I am thrilled to step into the role of the new academic director of the Allen and Joan Bildner Center for the Study of Jewish Life. As a faculty member at Rutgers in the departments of Jewish Studies and History for twenty years, I have been excited to be a part of the Bildner Center’s development into a world-class center of learning, an essential part of the School of Arts and Sciences, and an invaluable public resource at the local, national, and international levels.
These are uncertain times in the Jewish landscape in both the United States and Israel—the two great centers of post–World War II Jewish life. Circumstances have changed dramatically since the Center’s founding in 1996. The identities of young Americans are more polarized than ever; so, too, are those of Jews, as reported in studies by the Pew Research Center and other research organizations. While some question the value of the humanities, the Bildner Center affirms its strong conviction that the study of the humanities can help us to overcome the critical challenges of our time.
Indeed, in my view, the humanities are more important than ever. Those of us who research and teach in the humanities strengthen the broad liberal arts mission of the university. We engage students in critical thinking, guide them in open-minded discussion, and expose them to literature, film, history, philosophy, art, languages, ancient texts, and music, among other fields. We help them become more articulate in their writing as well as more poised and confident in public speaking.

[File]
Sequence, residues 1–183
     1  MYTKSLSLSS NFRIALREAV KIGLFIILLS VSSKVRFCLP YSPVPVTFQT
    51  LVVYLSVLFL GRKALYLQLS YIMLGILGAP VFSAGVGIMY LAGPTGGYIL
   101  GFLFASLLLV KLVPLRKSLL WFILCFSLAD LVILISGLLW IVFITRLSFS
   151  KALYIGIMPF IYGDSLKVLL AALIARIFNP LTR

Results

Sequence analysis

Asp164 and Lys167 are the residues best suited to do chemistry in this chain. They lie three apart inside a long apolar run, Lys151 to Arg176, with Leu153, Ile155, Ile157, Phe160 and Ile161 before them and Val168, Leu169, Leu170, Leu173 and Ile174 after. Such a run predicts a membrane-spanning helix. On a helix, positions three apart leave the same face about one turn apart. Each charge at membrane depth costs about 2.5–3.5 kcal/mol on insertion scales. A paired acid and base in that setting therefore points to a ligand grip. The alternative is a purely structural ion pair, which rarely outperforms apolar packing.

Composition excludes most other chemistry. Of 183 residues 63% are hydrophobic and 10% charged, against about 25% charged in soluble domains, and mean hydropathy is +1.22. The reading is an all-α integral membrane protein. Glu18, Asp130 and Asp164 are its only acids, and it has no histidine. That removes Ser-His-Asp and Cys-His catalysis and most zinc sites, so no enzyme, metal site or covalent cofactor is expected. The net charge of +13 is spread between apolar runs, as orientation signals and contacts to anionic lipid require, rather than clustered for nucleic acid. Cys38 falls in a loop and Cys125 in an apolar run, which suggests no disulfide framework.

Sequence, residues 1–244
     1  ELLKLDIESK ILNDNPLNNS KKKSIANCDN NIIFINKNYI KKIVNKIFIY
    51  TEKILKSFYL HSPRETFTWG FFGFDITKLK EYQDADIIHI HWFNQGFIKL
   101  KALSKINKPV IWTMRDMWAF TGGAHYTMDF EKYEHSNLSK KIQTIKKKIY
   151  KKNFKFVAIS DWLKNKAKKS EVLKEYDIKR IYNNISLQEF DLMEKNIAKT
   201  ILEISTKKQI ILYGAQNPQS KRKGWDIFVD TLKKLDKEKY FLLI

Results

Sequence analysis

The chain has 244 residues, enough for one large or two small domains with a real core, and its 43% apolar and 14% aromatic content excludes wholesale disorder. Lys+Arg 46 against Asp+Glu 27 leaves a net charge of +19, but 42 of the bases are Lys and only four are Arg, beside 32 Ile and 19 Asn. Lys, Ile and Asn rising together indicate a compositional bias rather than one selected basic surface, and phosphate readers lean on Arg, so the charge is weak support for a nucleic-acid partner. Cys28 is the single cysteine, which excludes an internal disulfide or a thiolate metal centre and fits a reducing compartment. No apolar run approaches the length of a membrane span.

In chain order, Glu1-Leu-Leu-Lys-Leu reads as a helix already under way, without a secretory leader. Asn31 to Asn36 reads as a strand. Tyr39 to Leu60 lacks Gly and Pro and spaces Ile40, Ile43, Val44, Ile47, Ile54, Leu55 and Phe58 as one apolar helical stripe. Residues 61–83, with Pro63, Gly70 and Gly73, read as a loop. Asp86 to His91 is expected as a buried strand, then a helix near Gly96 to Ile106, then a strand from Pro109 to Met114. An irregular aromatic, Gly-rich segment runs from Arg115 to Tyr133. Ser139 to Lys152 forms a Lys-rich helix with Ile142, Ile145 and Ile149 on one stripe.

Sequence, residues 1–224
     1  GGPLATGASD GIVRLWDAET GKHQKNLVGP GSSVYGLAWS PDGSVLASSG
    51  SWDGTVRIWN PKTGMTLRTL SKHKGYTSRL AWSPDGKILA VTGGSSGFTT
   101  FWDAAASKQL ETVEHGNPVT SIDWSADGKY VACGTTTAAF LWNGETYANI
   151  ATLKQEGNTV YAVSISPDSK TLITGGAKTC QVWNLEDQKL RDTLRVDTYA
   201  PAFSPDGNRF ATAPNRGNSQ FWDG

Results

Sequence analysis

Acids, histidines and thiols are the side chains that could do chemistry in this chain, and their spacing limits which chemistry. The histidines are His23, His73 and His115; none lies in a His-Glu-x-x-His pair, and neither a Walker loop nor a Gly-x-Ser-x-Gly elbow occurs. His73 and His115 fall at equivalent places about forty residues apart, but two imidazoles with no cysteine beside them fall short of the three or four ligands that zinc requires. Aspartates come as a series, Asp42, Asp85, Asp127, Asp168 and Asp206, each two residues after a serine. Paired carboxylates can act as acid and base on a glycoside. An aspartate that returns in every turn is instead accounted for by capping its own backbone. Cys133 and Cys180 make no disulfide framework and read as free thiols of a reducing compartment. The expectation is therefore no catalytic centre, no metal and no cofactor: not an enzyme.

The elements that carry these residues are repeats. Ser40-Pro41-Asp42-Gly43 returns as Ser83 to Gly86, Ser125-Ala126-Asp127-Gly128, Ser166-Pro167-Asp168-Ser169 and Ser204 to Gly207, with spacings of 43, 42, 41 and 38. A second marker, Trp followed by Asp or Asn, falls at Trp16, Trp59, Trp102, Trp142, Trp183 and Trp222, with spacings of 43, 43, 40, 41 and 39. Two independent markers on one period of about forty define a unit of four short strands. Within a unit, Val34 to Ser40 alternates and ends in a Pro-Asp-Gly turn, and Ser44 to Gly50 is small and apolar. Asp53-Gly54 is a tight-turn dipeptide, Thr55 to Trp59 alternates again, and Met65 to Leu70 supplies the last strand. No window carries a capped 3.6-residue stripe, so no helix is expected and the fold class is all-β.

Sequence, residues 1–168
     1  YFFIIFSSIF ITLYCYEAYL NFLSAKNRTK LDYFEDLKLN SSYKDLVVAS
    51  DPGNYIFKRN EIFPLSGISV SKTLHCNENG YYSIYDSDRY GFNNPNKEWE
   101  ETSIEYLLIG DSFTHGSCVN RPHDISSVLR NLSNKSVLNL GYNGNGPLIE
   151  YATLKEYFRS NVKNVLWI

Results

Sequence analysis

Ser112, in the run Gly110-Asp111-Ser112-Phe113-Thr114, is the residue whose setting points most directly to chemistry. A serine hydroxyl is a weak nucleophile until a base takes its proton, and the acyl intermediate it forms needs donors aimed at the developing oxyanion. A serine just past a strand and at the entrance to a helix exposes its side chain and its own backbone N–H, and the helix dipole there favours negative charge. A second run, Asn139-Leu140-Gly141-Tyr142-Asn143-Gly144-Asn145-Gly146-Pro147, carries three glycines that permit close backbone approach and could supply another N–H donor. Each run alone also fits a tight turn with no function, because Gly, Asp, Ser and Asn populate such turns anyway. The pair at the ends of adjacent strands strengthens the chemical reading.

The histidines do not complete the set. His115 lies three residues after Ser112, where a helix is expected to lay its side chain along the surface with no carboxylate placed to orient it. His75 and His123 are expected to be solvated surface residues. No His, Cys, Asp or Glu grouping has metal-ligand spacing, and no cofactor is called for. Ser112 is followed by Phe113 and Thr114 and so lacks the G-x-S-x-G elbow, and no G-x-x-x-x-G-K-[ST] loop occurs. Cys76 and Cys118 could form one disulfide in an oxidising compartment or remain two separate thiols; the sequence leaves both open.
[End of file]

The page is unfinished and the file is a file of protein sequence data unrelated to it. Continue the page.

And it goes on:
Rutgers’ greatest and most distinctive asset among the top-tier public research universities is its ethnic, socioeconomic, religious, and cultural diversity. In this context, Jewish studies is more important than ever, and the Bildner Center plays a signal role in enhancing the cultural diversity of the Rutgers community and presenting it to the public.
The Center supports the Department of Jewish Studies, engages the public with dynamic programs on Jewish life and culture, and deepens the expertise of middle and secondary school teachers in Holocaust studies. Our public programs, visiting scholars, faculty seminars, and support for undergraduate research and study-abroad programs all sustain the humanistic cosmopolitanism that is the hallmark of a tolerant civic society.
Building on the impressive record established by my colleague and friend Yael Zerubavel, whose professionalism, intelligence, and commitment to Rutgers will be sorely missed, I am delighted to guide the Bildner Center as it moves into its next stage of prominence and relevance.
Nancy Sinkoff, Academic Director
The Allen and Joan Bildner Center
for the Study of Jewish Life